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Noom's Experts Explain How Behavior Change Helps You Get Healthy

It's Not Just About the Numbers on the Scale


It's important to consult your doctors with any medical concerns, and before making any changes or adding supplements to your health plan.

After more than a year of being cooped up indoors, you and your friends might be ready to take advantage of everything that summer has to offer.

The American Psychological Association's February 2021 Stress in America poll stated that "many adults report undesired changes to their weight, increased drinking, and other negative behavior changes that may be related to an inability to cope with prolonged stress" since the pandemic started.

The poll found that 42 percent of American adults experienced undesired weight gain, with the average weight gain at 29 pounds, while 10 percent of adults reported a weight gain of 50 pounds. If you picked up some unhealthy coping mechanisms during the pandemic, you're not alone. And if you want to break these habits, you don't have to do it by yourself. Noom could help. Noom is a digital health platform on a mission to help people live healthier lives through behavior change.

Noom: A Different Approach to Wellness


Noom isn't a fad diet or new workout craze—it's a totally different approach to health. "Noom uses a multi-system approach that allows Noomers to go at their own pace and choose the level of support they need," Stefanie Masterson, a Noom coach and manager, wrote in an email interview with Newsweek. "This approach includes one-on-one support, an engaging curriculum packed with information about mindfulness and goal setting and a peer support group."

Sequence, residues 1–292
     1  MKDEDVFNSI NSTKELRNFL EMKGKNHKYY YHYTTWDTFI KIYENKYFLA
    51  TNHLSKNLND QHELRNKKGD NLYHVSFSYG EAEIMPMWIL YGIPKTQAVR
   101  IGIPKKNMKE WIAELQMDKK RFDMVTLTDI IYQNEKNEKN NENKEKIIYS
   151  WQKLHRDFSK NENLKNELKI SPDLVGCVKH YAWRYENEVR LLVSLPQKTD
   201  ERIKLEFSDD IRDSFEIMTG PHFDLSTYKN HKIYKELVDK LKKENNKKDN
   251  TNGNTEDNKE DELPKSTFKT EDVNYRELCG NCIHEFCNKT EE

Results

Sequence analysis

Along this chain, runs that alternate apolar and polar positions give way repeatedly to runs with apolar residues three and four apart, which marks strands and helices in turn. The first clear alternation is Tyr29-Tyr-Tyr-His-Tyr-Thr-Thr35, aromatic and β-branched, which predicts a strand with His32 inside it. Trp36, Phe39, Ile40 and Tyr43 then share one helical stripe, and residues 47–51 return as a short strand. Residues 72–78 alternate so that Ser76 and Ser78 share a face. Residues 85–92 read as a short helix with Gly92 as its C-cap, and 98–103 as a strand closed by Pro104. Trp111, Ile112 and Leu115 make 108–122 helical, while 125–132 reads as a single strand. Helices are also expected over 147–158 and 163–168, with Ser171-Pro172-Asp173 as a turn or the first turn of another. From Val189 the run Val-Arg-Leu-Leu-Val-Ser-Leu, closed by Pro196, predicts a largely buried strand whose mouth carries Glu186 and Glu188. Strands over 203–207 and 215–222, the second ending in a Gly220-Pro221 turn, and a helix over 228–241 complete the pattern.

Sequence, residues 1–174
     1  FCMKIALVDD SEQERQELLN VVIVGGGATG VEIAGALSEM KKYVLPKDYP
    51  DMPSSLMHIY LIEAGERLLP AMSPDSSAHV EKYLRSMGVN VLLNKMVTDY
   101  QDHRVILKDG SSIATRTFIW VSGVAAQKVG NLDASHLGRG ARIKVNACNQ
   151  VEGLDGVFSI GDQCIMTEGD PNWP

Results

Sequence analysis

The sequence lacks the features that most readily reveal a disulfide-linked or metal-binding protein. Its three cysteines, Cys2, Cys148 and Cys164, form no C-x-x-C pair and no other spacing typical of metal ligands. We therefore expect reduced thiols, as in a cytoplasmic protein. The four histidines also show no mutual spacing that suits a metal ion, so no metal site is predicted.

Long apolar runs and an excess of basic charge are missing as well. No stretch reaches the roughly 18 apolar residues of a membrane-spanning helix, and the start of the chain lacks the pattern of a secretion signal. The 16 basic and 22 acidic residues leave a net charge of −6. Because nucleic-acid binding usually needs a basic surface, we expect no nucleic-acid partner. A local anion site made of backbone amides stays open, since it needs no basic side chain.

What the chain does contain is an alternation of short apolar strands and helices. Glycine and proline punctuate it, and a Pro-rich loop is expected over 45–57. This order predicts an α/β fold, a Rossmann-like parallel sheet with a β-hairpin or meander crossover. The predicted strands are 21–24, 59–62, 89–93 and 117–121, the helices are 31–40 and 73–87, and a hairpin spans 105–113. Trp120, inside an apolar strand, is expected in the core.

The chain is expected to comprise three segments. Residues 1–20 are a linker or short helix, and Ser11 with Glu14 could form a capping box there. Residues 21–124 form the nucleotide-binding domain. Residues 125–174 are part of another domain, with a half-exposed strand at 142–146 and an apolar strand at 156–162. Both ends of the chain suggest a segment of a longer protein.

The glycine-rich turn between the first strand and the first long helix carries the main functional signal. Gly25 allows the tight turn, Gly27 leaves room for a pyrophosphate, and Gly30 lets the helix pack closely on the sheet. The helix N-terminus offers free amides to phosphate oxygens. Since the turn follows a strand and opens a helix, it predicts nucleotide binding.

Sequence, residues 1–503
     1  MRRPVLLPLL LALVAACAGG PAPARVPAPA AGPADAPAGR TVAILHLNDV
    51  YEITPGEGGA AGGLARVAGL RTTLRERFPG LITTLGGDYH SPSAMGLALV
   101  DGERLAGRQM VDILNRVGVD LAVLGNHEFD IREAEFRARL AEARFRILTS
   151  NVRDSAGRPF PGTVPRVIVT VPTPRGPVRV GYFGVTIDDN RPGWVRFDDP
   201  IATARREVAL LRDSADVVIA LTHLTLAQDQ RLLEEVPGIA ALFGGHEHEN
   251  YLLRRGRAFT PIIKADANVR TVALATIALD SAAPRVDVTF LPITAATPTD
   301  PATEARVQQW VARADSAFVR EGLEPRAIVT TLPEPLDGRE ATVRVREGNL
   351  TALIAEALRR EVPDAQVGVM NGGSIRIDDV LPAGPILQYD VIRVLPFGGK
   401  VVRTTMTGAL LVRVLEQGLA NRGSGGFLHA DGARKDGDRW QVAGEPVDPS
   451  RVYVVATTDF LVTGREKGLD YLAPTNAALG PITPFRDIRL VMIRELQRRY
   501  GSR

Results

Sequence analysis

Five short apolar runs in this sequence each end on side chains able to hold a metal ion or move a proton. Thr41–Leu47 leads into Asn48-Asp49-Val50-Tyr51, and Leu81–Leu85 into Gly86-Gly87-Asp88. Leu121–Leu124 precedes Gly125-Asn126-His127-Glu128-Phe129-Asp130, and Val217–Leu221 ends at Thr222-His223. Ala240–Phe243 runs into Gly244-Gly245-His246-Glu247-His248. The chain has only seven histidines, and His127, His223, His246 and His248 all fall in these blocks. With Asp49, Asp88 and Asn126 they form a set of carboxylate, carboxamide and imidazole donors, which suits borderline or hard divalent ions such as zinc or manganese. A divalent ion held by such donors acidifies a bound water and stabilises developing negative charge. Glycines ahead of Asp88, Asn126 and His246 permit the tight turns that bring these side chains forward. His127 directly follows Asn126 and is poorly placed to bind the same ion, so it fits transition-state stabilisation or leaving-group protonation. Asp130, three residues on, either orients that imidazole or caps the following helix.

Noom's curriculum is based on psychological principles, including cognitive behavioral therapy (CBT), to help users develop healthier habits and make beneficial behavioral changes to improve the quality of their lifestyles for the long term. According to the American Psychological Association, cognitive behavioral therapy involves individuals learning skills to "change their own thinking, problematic emotions and behavior."

That could be the key difference between Noom and other health platforms out there. Noom isn't just about weight loss in the moment; it's focused on helping you adopt sustainable healthy habits over the long term and utilizes behavior change and psychological principles to achieve this.

"Starting and sticking to new habits is difficult for all of us, often because of negative thoughts, such as, 'I will never be able to do this' or 'What if I fail?' can be playing on a loop in the background of our minds," noted Dr. Andreas Michaelides, chief of psychology at Noom, in an email interview with Newsweek. "At Noom, we focus on addressing the part of a behavior chain that may be unhelpful and contributing to you being stuck."

But don't worry, this isn't school. Noom breaks down these concepts into bite-size pieces through engaging activities. Danielle Cywka, a Noom coach, explained in an email interview with Newsweek that the curriculum is "user-friendly, humorous and also universal." She elaborated, "Noom slowly introduces the steps to behavior change through self-reflective activities, such as designing your wellness vision or reflecting on your eating patterns."

You'll also be matched with a peer group and coach to help keep you motivated and on track to reach your goals. "With a peer support group, you can share your struggles, wins, exchange new ideas and have a community with you every step of the way," Masterson noted.